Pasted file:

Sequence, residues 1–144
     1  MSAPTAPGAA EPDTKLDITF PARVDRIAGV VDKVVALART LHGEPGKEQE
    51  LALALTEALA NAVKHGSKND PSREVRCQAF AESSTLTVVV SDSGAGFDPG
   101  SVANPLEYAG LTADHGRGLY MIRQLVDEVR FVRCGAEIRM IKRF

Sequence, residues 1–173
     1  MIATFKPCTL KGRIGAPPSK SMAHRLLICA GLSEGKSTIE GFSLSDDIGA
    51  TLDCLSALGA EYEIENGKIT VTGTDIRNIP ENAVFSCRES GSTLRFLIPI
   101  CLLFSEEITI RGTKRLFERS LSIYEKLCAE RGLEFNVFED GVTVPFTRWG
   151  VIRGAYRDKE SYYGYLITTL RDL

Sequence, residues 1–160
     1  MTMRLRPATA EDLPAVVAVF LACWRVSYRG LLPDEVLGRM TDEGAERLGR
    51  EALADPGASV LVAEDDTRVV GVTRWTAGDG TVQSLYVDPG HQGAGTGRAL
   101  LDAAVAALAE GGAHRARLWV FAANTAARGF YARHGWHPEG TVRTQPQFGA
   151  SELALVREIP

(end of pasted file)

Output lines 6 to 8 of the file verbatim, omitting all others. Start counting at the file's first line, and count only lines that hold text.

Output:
     1  MIATFKPCTL KGRIGAPPSK SMAHRLLICA GLSEGKSTIE GFSLSDDIGA
    51  TLDCLSALGA EYEIENGKIT VTGTDIRNIP ENAVFSCRES GSTLRFLIPI
   101  CLLFSEEITI RGTKRLFERS LSIYEKLCAE RGLEFNVFED GVTVPFTRWG